The key difference between bilinguals and monolinguals may be more basic: a heightened ability to monitor the environment. “Bilinguals have to switch languages quite often — you may talk to your father in one language and to your mother in another language,” says Albert Costa, a researcher at the University of Pompeu Fabra in Spain. “It requires keeping track of changes around you in the same way that we monitor our surroundings when driving.” In a study comparing German-Italian bilinguals with Italian monolinguals on monitoring tasks, Mr. Costa and his colleagues found that the bilingual subjects not only performed better, but they also did so with less activity in parts of the brain involved in monitoring, indicating that they were more efficient at it.
The bilingual experience appears to influence the brain from infancy to old age (and there is reason to believe that it may also apply to those who learn a second language later in life).
In a 2009 study led by Agnes Kovacs of the International School for Advanced Studies in Trieste, Italy, 7-month-old babies exposed to two languages from birth were compared with peers raised with one language. In an initial set of trials, the infants were presented with an audio cue and then shown a puppet on one side of a screen. Both infant groups learned to look at that side of the screen in anticipation of the puppet. But in a later set of trials, when the puppet began appearing on the opposite side of the screen, the babies exposed to a bilingual environment quickly learned to switch their anticipatory gaze in the new direction while the other babies did not.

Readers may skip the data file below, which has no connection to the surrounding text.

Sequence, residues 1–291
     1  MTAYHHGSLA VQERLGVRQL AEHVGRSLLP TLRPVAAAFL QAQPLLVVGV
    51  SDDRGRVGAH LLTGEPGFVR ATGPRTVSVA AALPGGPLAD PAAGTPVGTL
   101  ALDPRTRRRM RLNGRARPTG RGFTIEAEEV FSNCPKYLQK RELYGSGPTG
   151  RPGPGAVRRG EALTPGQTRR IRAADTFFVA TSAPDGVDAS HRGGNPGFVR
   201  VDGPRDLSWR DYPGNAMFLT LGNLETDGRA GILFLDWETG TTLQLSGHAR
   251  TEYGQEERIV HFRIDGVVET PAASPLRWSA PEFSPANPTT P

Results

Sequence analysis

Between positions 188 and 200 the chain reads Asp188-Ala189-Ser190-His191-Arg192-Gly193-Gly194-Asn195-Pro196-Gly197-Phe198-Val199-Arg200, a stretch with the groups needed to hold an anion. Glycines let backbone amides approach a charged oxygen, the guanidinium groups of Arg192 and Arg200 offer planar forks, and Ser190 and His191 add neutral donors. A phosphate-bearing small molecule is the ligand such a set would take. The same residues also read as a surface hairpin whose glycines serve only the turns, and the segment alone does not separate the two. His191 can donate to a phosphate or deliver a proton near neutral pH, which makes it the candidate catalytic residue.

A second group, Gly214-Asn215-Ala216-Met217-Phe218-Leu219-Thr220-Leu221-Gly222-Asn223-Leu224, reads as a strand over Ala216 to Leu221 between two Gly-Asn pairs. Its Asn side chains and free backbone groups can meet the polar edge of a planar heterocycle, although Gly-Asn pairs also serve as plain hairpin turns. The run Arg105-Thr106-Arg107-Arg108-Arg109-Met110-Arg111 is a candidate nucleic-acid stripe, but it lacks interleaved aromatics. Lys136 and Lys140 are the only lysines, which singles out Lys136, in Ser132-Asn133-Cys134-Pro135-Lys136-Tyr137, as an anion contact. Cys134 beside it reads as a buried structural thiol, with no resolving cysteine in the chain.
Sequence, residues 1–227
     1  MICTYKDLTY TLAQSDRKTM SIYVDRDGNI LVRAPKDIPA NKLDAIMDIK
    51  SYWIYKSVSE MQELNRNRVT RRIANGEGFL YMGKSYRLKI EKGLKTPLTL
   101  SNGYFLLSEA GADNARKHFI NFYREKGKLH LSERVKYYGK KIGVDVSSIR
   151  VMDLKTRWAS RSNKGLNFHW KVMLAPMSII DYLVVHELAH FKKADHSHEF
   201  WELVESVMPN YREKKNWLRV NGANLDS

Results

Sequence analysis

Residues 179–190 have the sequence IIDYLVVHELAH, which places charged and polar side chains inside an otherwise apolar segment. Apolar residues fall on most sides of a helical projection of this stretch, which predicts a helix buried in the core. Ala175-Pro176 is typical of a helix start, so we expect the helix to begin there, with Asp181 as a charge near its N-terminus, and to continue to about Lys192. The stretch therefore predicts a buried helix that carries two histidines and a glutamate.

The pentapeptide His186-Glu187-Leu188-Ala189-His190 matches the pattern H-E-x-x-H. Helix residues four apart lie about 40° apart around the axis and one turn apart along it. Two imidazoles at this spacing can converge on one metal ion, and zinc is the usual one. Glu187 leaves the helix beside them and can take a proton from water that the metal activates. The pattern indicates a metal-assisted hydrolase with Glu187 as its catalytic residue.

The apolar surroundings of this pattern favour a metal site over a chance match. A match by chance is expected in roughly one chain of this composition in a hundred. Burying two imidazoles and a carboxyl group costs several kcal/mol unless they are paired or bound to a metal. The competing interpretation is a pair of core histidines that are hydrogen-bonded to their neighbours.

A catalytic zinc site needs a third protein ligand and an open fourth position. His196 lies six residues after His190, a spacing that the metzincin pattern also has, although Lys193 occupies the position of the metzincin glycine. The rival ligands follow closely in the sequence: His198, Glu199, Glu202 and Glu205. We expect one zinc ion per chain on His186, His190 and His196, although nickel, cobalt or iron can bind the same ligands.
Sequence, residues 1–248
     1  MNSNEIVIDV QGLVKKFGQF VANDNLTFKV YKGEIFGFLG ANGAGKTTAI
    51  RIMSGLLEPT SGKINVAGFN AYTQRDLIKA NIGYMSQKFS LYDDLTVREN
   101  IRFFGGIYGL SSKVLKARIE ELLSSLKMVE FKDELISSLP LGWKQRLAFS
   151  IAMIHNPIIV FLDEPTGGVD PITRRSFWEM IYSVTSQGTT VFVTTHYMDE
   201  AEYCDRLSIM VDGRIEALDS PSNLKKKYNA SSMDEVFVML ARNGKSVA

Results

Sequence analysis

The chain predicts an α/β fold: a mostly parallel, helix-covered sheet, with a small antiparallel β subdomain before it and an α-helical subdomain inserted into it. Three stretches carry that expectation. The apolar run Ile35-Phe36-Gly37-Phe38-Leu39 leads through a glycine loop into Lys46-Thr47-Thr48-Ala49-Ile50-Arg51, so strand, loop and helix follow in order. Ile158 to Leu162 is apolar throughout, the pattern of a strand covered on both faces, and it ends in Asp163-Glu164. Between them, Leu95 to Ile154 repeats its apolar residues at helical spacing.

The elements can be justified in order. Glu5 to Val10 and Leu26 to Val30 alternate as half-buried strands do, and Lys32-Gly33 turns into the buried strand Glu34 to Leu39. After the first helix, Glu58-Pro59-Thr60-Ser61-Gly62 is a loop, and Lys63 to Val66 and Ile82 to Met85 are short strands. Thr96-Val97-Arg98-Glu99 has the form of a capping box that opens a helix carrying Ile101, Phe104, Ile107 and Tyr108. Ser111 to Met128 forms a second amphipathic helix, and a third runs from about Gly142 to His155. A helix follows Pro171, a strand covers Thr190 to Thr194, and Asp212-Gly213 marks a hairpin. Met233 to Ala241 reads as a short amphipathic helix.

Bilingualism’s effects also extend into the twilight years. In a recent study of 44 elderly Spanish-English bilinguals, scientists led by the neuropsychologist Tamar Gollan of the University of California, San Diego, found that individuals with a higher degree of bilingualism — measured through a comparative evaluation of proficiency in each language — were more resistant than others to the onset of dementia and other symptoms of Alzheimer’s disease: the higher the degree of bilingualism, the later the age of onset.
Nobody ever doubted the power of language. But who would have imagined that the words we hear and the sentences we speak might be leaving such a deep imprint?
Yudhijit Bhattacharjee is a staff writer at Science.
This article has been revised to reflect the following correction:
Correction: March 20, 2012
An earlier version of this article misspelled the name of a university in Spain. It is Pompeu Fabra, not Pompea Fabra.
Cheetah Conservation Fund, Namibia. Il Centro che pensa ai ghepardi e alla loro sopravvivenza.